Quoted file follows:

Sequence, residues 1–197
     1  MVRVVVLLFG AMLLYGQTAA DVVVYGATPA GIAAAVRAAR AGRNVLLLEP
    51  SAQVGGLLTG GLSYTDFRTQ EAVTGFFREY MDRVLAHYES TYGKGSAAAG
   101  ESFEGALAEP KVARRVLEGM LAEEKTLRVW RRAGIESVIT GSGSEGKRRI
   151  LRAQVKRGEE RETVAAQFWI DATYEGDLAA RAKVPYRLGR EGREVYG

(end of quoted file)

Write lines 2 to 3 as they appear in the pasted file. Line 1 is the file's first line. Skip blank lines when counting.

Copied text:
     1  MVRVVVLLFG AMLLYGQTAA DVVVYGATPA GIAAAVRAAR AGRNVLLLEP
    51  SAQVGGLLTG GLSYTDFRTQ EAVTGFFREY MDRVLAHYES TYGKGSAAAG